United States, Appellee, v. Randy Laplante, Defendant, Appellant, 28 F.3d 1 (1st Cir. 1994)Annotate this Case
Martin D. Boudreau, North Quincy, MA, on brief, for appellant.
Donald K. Stern, U.S. Atty., and Mark W. Pearlstein, Asst. U.S. Atty., Boston, MA, on brief, for appellee.
Before SELYA, CYR, and BOUDIN, Circuit Judges.
Defendant appeals the sentence imposed upon him following revocation of a term of supervised release.
Defendant was initially sentenced to six months imprisonment and thirty-six months on supervised release following his guilty plea to one count of using a false social security number, in violation of 42 U.S.C. § 408(a) (7) (B).
Defendant conceded that shortly after his release from prison, he violated two special conditions of his supervised release. The district court granted the petition for revocation and resentenced defendant to a term of eleven months imprisonment, followed by twenty-four months on supervised release.
Defendant's only argument on appeal is that the supervised release revocation provision ("SRR") of the Sentencing Reform Act of 1984, 18 U.S.C. § 3583(e) (3), does not authorize the district court to impose a term of supervised release in conjunction with an additional prison term. This court recently considered, and rejected, an identical contention in United States v. O'Neil, 11 F.3d 292 (1st Cir. 1993). We held in O'Neil,
[T]he SRR provision ... permits a district court, upon revocation of a term of supervised release, to impose a prison sentence combining incarceration with a further term of supervised release, so long as (1) the incarcerative portion of the sentence does not exceed the time limit specified in the SRR provision itself, and (2) the combined length of the new prison sentence cum supervision term does not exceed the duration of the original term of supervised release.
O'Neil, 11 F.3d at 302.
As defendant acknowledges, the sentence imposed by the district court here comports with O'Neil. The combined limit of the three years matches the length of the original term of supervision, and the included eleven month prison term is well below the time limit of two years incarceration for the underlying Class D felony.
Defendant urges, however, that the Supreme Court's opinion in United States v. Granderson, --- U.S. ----, 114 S. Ct. 1259, 127 L. Ed. 2d 611 (1994), "has substantially undermined the reasoning and basis of O'Neil." We disagree. Granderson involved the statutory interpretation of a different section of the Sentencing Reform Act, the probation revocation section. See 18 U.S.C. § 3565. The interpretive issue in Granderson was the meaning of the benchmark term "original sentence," as used in the provision requiring imposition of a sentence of "not less than one-third of the original sentence," when a probationer is found in possession of illegal drugs. 18 U.S.C. § 3565(a). Granderson did not address the O'Neil question--the power of a sentencing court to impose combined sentences--but focused on the correct measure of the length of a sentence to be imposed.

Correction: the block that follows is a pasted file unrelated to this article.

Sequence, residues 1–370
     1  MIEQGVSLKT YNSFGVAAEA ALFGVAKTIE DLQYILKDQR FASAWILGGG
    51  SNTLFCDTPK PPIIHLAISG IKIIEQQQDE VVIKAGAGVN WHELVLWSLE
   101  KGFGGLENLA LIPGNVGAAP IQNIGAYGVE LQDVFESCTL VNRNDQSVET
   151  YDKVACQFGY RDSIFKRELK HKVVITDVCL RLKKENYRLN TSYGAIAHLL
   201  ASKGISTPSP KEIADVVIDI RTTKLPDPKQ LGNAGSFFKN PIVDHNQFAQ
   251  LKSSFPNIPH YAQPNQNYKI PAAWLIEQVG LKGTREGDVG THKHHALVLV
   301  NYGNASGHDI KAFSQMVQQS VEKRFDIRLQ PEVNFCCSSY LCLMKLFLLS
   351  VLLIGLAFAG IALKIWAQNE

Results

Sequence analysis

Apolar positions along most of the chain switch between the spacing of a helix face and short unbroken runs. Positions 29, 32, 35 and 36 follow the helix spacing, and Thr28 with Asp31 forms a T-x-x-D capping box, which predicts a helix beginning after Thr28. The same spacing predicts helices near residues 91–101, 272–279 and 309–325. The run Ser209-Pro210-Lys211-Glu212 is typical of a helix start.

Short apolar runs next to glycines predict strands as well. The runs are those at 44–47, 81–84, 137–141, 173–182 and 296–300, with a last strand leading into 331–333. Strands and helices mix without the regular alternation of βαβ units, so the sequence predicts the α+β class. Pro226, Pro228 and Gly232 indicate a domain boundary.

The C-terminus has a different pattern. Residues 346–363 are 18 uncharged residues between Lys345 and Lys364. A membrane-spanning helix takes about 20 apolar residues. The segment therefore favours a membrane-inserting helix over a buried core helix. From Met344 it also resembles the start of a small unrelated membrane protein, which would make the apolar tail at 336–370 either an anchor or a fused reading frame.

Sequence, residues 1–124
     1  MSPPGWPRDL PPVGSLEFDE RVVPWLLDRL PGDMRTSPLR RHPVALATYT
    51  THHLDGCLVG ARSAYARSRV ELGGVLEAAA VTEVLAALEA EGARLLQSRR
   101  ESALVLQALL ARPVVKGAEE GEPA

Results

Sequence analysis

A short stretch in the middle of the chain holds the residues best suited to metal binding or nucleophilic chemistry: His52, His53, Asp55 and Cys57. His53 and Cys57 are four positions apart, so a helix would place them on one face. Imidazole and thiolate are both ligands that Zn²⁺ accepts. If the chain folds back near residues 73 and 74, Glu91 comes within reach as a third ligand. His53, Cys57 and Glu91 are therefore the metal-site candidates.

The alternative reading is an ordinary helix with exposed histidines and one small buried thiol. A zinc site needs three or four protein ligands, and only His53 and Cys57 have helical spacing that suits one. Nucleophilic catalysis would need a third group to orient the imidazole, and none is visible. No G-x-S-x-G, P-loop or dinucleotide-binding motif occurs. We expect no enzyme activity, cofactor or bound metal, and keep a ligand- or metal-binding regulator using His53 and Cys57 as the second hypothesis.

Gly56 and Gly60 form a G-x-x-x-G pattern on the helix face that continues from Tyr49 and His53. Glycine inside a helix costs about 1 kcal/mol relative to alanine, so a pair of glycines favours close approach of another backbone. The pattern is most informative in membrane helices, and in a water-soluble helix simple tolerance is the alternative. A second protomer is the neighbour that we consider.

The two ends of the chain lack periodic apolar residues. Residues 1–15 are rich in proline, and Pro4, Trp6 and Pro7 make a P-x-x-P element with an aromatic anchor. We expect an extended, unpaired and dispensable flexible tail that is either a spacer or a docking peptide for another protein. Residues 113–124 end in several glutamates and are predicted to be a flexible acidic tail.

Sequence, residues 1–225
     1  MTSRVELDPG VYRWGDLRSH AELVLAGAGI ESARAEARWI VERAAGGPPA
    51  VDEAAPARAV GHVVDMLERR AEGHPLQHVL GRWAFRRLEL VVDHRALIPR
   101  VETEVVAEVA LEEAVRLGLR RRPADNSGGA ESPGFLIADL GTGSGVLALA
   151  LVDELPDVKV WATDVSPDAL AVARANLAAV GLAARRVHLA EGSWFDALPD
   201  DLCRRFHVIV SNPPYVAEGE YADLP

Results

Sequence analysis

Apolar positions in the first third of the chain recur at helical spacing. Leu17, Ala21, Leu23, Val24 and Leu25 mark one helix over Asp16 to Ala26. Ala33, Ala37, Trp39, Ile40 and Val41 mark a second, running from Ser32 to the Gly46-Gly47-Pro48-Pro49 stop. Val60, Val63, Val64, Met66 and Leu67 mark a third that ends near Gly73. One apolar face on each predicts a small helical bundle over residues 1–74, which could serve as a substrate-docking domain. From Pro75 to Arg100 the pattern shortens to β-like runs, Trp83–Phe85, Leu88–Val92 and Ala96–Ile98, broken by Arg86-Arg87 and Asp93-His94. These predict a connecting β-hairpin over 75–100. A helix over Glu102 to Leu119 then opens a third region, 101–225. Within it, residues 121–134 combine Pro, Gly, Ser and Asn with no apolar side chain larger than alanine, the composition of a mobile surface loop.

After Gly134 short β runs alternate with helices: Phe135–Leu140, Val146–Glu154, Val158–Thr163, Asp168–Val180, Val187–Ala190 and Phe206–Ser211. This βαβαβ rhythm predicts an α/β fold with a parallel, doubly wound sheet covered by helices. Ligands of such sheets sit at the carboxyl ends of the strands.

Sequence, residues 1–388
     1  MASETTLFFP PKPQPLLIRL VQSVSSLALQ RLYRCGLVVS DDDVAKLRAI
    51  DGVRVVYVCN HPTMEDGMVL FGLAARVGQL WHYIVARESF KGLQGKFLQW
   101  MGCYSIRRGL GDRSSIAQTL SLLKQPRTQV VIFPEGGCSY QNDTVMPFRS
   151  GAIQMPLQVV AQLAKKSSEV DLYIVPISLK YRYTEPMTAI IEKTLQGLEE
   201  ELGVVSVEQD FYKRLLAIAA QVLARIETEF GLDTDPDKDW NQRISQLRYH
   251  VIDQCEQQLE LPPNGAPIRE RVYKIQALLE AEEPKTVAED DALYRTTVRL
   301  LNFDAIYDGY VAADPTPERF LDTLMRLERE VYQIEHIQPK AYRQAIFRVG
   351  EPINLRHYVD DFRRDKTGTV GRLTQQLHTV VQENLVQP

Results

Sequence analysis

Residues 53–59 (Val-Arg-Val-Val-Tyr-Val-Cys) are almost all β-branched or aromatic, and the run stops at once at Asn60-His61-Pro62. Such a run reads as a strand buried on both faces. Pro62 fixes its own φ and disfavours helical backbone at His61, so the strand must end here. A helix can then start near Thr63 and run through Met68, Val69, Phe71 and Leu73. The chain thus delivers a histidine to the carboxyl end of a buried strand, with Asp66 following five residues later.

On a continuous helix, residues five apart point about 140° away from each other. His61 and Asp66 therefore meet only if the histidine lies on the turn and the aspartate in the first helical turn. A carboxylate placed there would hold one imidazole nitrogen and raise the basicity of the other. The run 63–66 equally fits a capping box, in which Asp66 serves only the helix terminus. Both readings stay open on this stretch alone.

Granderson and O'Neil thus involved different substantive and interpretive issues, discrete texts, statutory structures, and histories. See Granderson, --- U.S. at ----, 114 S. Ct. at 1266 (stating that different functions of supervised release and probation weigh heavily against an in pari materia reading of the separately worded revocation provisions); O'Neil, 11 F.3d at 298-300 (tracing differences in the design of the current sentencing regime to historical differences between probation and parole). The differences which defendant observes in the two opinions are a function of the lack of common issues, not of differences in analytic method or statutory construction.
As the dispositive issue on appeal has been recently and authoritatively decided by a panel of this court, and no other substantial question is presented, the decision below is summarily affirmed. See Loc.R. 27.1.